*Moisture in the air feed? Moisture from the compressor? The CO2 can went liquid on you? (Try keeping the can in a warm water bath. Key here being just warmer than room temperature. Not hot.) Moisture build up in the line. Moisture build up in the diaphragm.
*Diaphragm is damaged. This could be from when "you"fixed it or it's just plain worn out. Sometimes paint can get back into the diaphragm and damage it. (This is a factory job)

If all else fails, consider two factors.
1) what is the frustration worth, does it outweigh the downtime incurred by sending the brush off to badger for repair or check-out?
2) Does the frustration and your frugality outweigh MikeV's suggestion of upgrading your airbrush? In this case I would upgrade my airbrush, send the other one off to badger for check-out and you'll have two airbrushes one for either back-up or different applications.

Good luck,
Mike







Mike "Imagination is the dye that colors our lives" Marcus Aurellius A good friend will come and bail you out of jail...but, a true friend will be sitting next to you saying, "Damn...that was fun!"
  • Member since
    November 2005
Posted by Anonymous on Sunday, May 18, 2003 3:46 PM
Wow, Mike... Some step-by-step troubleshooting guide you've posted here, pal... I've got it printed already in large scale font and hung it on my workbench wall...

Thanx a lot. Much appreciated....
  • Member since
    November 2005
Posted by Anonymous on Sunday, May 18, 2003 6:01 PM
wow, thanks thats a very pin-point guide. I think that the problem lies somwhere n the head because it only sputters when i run water through it. Thanks, mike.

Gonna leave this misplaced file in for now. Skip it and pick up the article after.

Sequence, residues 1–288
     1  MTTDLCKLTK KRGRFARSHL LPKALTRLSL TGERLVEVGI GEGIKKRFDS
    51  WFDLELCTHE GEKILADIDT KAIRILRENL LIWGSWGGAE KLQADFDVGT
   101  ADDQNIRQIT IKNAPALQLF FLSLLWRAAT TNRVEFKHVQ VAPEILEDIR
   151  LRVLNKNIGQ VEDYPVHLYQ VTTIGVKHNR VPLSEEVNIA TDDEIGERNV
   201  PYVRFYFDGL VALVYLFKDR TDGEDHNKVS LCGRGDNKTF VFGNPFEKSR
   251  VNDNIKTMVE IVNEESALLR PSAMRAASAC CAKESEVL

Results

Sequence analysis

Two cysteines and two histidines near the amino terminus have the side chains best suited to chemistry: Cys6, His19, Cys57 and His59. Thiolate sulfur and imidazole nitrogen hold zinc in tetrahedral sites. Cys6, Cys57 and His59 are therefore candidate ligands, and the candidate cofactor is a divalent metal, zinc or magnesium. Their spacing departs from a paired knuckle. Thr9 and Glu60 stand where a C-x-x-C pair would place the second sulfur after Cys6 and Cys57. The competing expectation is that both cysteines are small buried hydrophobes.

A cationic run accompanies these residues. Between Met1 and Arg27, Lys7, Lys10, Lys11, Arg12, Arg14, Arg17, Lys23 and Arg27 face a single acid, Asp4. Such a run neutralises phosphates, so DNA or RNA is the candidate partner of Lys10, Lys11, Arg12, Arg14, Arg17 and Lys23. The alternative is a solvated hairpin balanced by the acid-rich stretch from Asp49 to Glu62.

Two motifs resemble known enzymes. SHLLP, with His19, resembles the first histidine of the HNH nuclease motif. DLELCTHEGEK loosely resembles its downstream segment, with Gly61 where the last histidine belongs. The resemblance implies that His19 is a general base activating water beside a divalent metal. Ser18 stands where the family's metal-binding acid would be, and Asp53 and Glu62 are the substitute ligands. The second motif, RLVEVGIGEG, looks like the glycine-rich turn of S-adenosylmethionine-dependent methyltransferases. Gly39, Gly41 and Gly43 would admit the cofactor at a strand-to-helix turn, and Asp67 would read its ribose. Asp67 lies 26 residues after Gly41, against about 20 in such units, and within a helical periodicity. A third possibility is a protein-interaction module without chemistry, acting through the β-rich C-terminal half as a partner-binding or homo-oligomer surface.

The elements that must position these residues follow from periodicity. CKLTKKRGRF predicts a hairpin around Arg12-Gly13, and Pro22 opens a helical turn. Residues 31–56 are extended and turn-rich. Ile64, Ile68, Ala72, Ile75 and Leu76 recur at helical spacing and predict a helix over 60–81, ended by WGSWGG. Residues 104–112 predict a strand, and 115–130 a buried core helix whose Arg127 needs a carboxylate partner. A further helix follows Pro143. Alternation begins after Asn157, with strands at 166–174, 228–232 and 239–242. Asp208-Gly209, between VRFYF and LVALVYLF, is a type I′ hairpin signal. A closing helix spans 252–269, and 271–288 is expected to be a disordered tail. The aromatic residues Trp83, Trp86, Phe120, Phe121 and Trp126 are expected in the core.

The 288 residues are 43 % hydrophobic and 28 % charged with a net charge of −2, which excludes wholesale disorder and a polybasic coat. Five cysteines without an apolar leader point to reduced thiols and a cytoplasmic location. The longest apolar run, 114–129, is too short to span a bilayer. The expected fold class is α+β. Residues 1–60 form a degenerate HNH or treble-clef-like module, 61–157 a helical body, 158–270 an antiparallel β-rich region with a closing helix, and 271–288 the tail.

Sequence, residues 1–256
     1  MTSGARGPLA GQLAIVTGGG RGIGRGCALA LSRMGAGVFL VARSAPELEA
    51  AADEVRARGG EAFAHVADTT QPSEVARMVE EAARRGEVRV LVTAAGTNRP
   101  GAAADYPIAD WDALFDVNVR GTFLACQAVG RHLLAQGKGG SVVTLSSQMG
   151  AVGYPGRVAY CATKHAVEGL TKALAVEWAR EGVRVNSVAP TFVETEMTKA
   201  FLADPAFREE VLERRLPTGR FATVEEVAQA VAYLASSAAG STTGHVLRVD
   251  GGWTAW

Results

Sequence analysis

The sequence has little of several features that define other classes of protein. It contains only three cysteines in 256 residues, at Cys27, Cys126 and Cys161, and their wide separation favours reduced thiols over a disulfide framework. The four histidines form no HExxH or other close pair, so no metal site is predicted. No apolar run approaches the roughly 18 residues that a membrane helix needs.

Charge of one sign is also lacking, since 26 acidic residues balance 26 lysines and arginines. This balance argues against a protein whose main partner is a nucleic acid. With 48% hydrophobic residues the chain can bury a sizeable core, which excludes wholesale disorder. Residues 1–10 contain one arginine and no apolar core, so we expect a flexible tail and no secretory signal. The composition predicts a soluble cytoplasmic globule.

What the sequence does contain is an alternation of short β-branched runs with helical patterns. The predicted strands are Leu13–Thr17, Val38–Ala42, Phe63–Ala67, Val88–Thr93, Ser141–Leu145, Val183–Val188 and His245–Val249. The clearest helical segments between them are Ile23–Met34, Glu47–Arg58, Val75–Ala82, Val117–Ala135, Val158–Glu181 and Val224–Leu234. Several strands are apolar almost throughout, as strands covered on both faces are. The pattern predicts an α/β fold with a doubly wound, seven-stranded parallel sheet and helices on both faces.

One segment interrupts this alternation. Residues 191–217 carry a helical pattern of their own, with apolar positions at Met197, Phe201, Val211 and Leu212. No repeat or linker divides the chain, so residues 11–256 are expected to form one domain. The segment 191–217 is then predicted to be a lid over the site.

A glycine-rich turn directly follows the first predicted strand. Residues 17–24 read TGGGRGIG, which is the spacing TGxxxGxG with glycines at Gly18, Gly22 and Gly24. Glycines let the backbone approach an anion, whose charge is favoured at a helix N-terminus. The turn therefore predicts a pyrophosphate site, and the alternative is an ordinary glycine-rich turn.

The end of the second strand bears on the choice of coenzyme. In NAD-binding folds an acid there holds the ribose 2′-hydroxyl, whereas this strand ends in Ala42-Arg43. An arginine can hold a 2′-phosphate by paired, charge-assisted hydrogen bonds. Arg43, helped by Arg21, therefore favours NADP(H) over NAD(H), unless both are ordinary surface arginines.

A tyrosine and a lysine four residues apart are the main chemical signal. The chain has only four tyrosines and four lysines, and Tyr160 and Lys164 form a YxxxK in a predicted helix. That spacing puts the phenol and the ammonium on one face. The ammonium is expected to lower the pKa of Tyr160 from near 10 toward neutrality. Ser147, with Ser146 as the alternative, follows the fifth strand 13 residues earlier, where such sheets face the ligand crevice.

• Member since
    April 2003
  • From: Sunny Florida
Posted by renarts on Monday, May 19, 2003 12:03 AM
No problem guys. I'm glad somebodys benefitting from this knowledge stored up in my melon. I've used quite a few airbrushes for different applications. Down time is expensive time and just frustrating as all get out. The way I figure it the more info you have the less problems.

Besides, I have withdrawn way more than I'll be able to deposit in this talent/knowledge bank. I love this forum.

Regards,
Mike
Mike "Imagination is the dye that colors our lives" Marcus Aurellius A good friend will come and bail you out of jail...but, a true friend will be sitting next to you saying, "Damn...that was fun!"
  • Member since
    April 2003
  • From: Hayward, CA
Posted by MikeV on Monday, May 19, 2003 12:06 AM
Good advice Mike, but I say dump that single-action and get a real airbrush like the double-action T&C Omni or Vega 2000 which are both manufactured by Badger. Wink [;)] Big Smile [:D]

Mike

Wisdom is the right use of knowledge. To know is not to be wise. Many men know a great deal, and are all the greater fools for it. There is no fool so great a fool as a knowing fool. But to know how to use knowledge is to have wisdom. " Charles Spurgeon
  • Member since
    November 2005
Posted by Anonymous on Monday, May 19, 2003 5:34 PM
thats probably a good idea, "sigh", thanks mikes
  • Member since
    November 2005
Posted by Anonymous on Sunday, June 8, 2003 7:15 PM
I had the same problem - with the same brush - that kept me baffled for weeks.

Then I realised that during and over-enthusiastic cleaning session I cleared out a "plug" of paint from the main body of the brush - behind the head. Unfortunately the "plug" was in fact a well hidden teflon seal (not the head one!), Doh....

Have a look at an exploded diagram at a Badger parts suppliers web site, yu will see what I mean, its about the diameter of a biro refill, and only some 3/16" long.

Anyhow, I got a new one and all is fine again - I hope this helps :]
  • Member since
    November 2005
Posted by Anonymous on Sunday, June 8, 2003 7:49 PM
Looks like others have given you all the suggestions you need,
however if you decide on another airbrush I would try the badger
Anthem. I just got one and its amazing. Its sort of a single and double
action combined. Hard to explain but I have now retired my 30 year old
model 200, which I thought I would never do.
ps got it on ebay for 30 $
  • Member since
    November 2005
Posted by Anonymous on Sunday, June 8, 2003 8:54 PM
That's an excellent post, Mike!

If those steps don't do it, and the tip DocG posted doesn't do it, dump that gun and get a new one. If you're set on a single action, well, they're dirt cheap.

Glenn